The major challenge of keeping a lot of fish with a well planted aquarium has to do with aeration. In nature there is only a very light stocking of fish in any waterway, like the equivalent of a few guppies in a fifty gallon tank. And the ratio of surface area in the waterway to the mass of the fish is very large, meaning the fish get plenty of aeration in nature even if the surface area has no “choppy waves”.
So when a beginner puts several three inch fish in a twenty gallon aquarium it becomes an unnatural situation. The ratio of surface area to fish mass is low. This is a situation where artificial aeration (choppy waves or bubbles) is required in order for the fish to thrive. Artificial aeration is bad for plants, very bad for plants.
If an aquarium has a moderate stocking of fish, the moderate number of fish use up the oxygen at a rapid rate. There thus must be a way to get oxygen quickly into the water. When the oxygen is added with lots of aeration, the carbon dioxide in the water rapidly disappears. Most plants need high levels of carbon dioxide in order to really “thrive”. Thus the challenge. Note there are some plants like anubias, Java fern, Java moss and swords which grow anywhere and in any situation.
Moderate amounts of both fish and plants is a situation which requires expensive carbon dioxide injection systems. The hobbyists must put in carbon dioxide to a level where the plants thrive but not to a level where the fish die. AND one has to aerate the water well to keep the oxygen levels up. Aeration removes carbon dioxide. So one goes through carbon dioxide cylinders rather rapidly. This is NOT something a beginner wants to tackle.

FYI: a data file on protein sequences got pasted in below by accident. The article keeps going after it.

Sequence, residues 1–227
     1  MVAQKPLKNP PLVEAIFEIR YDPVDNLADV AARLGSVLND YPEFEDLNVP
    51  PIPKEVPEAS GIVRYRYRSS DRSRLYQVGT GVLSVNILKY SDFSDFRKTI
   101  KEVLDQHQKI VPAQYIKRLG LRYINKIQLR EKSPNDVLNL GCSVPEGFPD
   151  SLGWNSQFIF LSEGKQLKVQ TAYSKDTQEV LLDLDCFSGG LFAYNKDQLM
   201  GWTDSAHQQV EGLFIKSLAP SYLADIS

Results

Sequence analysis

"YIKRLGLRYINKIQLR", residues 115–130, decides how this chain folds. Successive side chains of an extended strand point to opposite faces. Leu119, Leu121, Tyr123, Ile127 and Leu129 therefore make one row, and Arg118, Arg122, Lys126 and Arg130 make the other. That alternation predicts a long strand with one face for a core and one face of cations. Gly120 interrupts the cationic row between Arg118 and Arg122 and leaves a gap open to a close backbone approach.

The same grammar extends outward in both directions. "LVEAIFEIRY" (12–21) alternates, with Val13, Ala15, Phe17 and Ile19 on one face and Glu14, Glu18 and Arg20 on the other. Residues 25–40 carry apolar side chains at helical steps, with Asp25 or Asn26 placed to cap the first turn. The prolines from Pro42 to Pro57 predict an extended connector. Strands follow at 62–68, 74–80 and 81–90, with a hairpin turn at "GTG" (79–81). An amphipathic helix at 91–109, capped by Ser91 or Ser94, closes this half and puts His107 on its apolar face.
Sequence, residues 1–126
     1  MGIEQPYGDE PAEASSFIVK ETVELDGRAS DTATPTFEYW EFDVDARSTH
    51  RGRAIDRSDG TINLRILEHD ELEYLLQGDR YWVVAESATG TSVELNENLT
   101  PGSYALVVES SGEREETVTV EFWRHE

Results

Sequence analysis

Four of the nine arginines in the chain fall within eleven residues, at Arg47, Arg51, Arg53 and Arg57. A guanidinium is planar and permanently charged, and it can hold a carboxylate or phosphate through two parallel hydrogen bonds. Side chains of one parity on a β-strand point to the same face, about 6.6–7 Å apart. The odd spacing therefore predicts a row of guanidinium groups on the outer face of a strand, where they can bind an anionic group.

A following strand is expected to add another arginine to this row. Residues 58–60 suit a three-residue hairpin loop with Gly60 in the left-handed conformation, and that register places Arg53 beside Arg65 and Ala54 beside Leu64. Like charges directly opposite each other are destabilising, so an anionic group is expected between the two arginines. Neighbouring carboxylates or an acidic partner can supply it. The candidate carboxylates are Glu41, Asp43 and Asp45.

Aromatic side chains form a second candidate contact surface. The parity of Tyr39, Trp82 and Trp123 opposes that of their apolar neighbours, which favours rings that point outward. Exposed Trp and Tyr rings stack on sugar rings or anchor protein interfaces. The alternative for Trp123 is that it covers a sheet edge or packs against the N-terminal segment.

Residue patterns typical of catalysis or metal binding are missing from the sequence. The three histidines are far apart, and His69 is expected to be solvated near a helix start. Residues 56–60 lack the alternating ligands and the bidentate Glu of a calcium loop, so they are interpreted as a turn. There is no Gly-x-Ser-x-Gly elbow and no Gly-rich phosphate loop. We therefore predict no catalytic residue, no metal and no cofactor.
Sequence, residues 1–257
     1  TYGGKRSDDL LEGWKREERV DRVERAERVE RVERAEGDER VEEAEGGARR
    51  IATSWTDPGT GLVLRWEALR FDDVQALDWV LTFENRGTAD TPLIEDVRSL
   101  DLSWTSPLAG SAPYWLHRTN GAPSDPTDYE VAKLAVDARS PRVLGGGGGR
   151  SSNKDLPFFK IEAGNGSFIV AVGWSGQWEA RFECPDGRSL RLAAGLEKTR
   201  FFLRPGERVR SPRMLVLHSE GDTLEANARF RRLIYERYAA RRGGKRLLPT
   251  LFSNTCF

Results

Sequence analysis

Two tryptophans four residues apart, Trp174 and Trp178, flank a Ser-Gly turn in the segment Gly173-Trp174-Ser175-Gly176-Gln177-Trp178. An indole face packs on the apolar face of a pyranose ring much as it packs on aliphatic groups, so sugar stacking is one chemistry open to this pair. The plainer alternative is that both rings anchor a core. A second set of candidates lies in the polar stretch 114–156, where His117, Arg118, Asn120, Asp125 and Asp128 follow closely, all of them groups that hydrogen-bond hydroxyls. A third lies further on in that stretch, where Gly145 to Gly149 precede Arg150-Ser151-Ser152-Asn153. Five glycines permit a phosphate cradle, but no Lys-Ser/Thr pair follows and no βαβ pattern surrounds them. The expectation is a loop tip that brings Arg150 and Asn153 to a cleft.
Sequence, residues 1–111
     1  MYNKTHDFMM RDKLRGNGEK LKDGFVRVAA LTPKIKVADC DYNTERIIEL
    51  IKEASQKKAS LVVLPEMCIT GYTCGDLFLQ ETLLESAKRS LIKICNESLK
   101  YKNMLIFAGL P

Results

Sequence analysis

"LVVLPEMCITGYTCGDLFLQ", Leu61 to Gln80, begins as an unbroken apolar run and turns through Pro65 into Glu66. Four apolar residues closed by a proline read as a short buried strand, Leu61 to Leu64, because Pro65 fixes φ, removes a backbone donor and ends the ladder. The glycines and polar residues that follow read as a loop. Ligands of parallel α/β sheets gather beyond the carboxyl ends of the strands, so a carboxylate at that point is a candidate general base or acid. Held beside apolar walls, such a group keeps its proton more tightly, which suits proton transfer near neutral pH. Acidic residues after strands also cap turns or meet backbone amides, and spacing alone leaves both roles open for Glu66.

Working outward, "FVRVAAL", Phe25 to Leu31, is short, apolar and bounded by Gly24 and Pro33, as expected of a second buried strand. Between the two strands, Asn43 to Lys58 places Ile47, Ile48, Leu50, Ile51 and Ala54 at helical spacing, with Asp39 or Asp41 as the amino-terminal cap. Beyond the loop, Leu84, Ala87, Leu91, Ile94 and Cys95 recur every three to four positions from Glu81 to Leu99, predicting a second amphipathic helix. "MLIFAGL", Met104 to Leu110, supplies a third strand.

Most cichlids also present a problem. Large American cichlids and all African cichlids just love tearing up and uprooting plants. The only cichlids I’ve seen in planted aquariums are discus, angelfish, rams and apistos. I was wrong!
Now after I wrote what was above I found this aquarium on social media:
There is some vallisneria and a lot of Amazon swords (Echinodorus amazonicus and E. bleheri). This tank is a year and a half old with crushed lava rock substrate and a pH of 7.0. The fish have been in it the whole time and are decidedly overstocked, which I would have said was completely and totally impossible. Gorgeous and amazing! So much for my pale attempts at a planted tank with Africans. AAARRRGGGGHHHHHH………….
What are Acceptable Stocking Amounts?
A fair question is “What is the maximum number of fish I should put in a planted aquarium? We calculate a “light stocking” in several articles on stocking. These are the MAXIMUMS calculated, with the clear understanding that these are NOT rules and only guidelines (i.e. opinions and ONLY opinions) which can be violated if you want to:
What this means is that one can put in a five gallon planted aquarium a maximum of twenty 1 inch pigmy rasboras, a maximum of four 2 inch platies or one 3 inch betta. You should not put a 4 inch gourami in a planted five gallon. Easy!
Now the caveat here is that this is the loading of fish that can survive without supplemental aeration. This is important for a planted aquarium. Most good planted aquariums have much lower levels of fish stocking than even this light stocking.
Planted Aquariums in Depth
The following sections will tell you how to make a planted aquarium: